We may look to countries such as Turkey, Egypt, and Brazil to see how solidarity within a country is an effective way to push political unrest to the international mainstream. It finally appears that some Americans have chosen to take a cue from these foreign protests as they launch a new movement called “Restore the Fourth,” a nonpartisan effort aimed at targeting the NSA’s surveillance program and in turn strengthening the Fourth Amendment. Demonstrations have been organized in major cities in just about all 50 states. These demonstrations will be taking place on the July 4, a very fitting date given that it is America's Independence day.
Though not all the cities holding rallies have posted their respective plans for the protest, Boston’s organizer did, offering us some insight into what will be happening there.
“We will be starting at the Old State House at 9:30 and reading the Declaration of Independence at 10:00 a.m. The event will last all day, and we will be moving around the city as the rally progresses,” the online itinerary read.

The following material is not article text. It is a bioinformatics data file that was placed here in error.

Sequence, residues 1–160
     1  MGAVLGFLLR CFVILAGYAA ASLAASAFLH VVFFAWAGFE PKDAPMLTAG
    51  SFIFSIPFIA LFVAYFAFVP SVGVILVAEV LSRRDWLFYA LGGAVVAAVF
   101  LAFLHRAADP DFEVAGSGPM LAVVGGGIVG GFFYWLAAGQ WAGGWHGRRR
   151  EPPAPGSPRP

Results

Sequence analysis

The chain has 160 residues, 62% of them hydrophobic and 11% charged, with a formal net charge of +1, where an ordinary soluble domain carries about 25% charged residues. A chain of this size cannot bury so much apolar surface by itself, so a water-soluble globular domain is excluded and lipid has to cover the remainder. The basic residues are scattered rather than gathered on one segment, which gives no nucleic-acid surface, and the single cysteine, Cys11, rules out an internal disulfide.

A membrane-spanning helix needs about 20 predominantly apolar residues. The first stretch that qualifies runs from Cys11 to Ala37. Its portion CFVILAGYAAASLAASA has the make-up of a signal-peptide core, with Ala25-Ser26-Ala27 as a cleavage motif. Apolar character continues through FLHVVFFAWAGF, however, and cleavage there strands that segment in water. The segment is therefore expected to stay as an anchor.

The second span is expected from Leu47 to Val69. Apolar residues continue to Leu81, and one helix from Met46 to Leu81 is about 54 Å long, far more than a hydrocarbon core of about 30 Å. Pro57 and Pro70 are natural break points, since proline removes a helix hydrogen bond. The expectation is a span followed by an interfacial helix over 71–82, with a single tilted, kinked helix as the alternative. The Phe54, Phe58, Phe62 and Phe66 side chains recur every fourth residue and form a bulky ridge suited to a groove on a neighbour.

Looking back at demonstrations like the Occupy Wall Street movement and its general ineffectiveness could make someone look at the “Restore the Fourth” movement with skepticism. However, unlike the Occupy movement, “Restore the Fourth” has clearly outlined its goal: “to end all forms of unconstitutional surveillance of digital communications by the United States government,” and more specifically, to discontinue PRISM.
Considering that organizers of “Restore the Fourth” and its participants will be entering the demonstration with a demand and intention, the movement is not aimless and should therefore not be dismissed as another futile protest.
However, given that this protest is only scheduled for one day (as far as we can tell) and the U.S. government as a whole was adamant in defending PRISM, it is undoubtedly going to take more than one day’s worth of collectively expressed dissatisfaction to convince more politicians to take action.
Just as the NSA program is aggressive in its violations, protesters and others who wish to express their disapproval of the program and have it removed or changed will have to be twice as pushy to achieve their aims. This goal, though difficult to achieve, is worth the fight and must be reached for the sake of maintaining privacy in America.